The word "perversion" derives from the Latin perversionem and is defined as "action of turning aside from truth, corruption, distortion."

So, looking at our present government policy of taking children away from their parents, locking them in cages, and neglecting them, one can deduce that we have a policy of perversion. In response to being directed to commit perverted acts, some of us refuse and blow the whistle, and others become full-fledged perverts. On a recent 60 Minutes interview, Nazi war criminal prosecutor Ben Ferencz says that "War makes murderers out of otherwise decent people. All wars and all decent people." It turns people against themselves—their inborn altruism—turning them into perverts.

The election of the Trump administration has brought us into all-out war with and for our national soul.

John Ironmonger's 2015 novel Not Forgetting the Whale begs the question of what is natural—self-preservation or generosity and sacrifice, and the story swept me away and ultimately reaffirmed my belief in our innate altruism.

In this smart and compelling parable we learn about dependencies, supply chains, connections between everything, and how things happen according to streams of supply and need. We debate the possible end of civilization as we know it due to our human self-interest vs. an optimistically imagined natural impulse for generosity and sacrifice. All this forms the matrix of this story about a naked man and a beached whale, both of whom wash up on the shore of the off-the-grid village of St. Piran in the southwest corner of England.

The writing and storytelling are wonderful. The profound issues start artfully and become more heavy-handed as the book progresses. But I am interested in these subjects so I was consistently intrigued, sometimes pausing to contemplate the big issues of what causes everything to happen and how to redirect the train of actions leading to catastrophic events. There is a mythical quality to the tale, and the sometimes-sentimentality or intellectual debates about our nature worked! I was completely engaged and couldn’t put the book down. Read More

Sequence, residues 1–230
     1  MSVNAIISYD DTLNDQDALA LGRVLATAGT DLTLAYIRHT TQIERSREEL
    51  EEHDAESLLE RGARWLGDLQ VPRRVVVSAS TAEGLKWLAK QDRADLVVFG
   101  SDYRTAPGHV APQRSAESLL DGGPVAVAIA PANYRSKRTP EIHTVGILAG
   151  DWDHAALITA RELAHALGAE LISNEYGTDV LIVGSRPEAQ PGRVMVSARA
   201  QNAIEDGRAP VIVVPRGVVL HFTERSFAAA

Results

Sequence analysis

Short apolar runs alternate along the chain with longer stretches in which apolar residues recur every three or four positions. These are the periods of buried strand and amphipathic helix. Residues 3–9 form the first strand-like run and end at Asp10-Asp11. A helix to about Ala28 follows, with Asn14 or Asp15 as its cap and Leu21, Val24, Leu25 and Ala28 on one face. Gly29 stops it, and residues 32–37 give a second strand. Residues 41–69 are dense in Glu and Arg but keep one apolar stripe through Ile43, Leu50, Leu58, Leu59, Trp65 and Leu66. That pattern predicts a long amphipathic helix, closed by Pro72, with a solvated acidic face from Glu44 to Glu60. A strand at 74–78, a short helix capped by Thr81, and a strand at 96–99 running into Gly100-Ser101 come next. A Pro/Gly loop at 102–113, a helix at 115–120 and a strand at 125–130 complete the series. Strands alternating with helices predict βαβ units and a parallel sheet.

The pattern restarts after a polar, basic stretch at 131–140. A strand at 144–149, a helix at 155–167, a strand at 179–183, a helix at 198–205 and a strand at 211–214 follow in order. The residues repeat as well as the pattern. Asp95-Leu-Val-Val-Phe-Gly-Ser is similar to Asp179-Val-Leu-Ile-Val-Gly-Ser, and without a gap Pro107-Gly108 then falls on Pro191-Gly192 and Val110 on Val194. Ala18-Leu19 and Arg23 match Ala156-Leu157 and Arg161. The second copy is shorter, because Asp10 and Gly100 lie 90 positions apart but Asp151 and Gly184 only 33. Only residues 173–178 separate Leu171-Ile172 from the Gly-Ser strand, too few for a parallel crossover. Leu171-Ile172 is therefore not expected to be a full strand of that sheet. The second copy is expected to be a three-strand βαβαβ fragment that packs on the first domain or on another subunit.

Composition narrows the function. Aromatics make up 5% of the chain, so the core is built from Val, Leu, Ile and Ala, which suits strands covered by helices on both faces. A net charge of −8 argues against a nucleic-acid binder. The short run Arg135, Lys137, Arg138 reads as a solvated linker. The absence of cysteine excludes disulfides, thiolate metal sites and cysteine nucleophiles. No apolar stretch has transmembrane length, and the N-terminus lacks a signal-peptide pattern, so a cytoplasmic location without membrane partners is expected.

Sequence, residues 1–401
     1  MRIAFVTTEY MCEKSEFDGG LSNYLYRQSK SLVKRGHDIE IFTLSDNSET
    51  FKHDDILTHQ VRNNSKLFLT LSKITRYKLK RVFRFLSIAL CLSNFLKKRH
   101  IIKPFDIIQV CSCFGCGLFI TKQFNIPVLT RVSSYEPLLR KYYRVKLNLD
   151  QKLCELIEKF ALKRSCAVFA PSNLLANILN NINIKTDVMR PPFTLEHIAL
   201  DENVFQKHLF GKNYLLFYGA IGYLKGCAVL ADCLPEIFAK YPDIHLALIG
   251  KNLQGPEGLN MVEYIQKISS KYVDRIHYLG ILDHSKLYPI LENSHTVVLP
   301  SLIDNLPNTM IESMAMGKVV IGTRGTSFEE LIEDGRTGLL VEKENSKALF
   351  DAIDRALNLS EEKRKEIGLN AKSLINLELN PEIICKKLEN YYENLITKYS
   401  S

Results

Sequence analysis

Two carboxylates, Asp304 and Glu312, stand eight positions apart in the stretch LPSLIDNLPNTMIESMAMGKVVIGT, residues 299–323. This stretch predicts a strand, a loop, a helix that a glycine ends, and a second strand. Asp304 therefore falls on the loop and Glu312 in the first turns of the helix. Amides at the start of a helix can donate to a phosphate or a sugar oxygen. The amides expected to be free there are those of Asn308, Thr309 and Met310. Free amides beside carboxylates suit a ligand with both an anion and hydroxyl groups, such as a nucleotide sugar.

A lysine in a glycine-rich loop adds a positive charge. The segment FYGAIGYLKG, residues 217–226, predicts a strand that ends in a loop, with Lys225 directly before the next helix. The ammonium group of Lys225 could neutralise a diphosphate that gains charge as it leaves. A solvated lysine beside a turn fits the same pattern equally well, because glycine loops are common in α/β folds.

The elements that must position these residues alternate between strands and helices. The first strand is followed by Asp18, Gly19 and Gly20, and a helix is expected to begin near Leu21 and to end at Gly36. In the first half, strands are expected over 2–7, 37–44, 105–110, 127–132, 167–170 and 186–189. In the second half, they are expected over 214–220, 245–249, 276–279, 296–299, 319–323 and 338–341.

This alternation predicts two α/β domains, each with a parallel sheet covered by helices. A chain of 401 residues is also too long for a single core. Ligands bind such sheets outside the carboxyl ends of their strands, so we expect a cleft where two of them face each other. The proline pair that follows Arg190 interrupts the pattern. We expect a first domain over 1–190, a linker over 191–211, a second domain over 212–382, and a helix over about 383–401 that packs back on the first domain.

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The Human Mob—Our Destiny?

It was the summer 1980 or thereabouts. It's hard to remember, but I know it was hot because I was wearing a soft white cotton dress with shoulder straps. I wasn't that interested in clothes, but when I'd seen this dress, it had beckoned because of its unconstricting beauty and flow, and I needed dresses that I could stand inhabiting for eight mind-numbing hours a day doing temp work in New York City offices. I was headed back to one such office and in a hurry because my hour lunch was almost up.

 

Madison Avenue and Fifty-second Street or thereabouts. A midtown torrent of people and vehicles. I don't remember if the walk light was green when I stepped off the curb. It might have been. It might not have.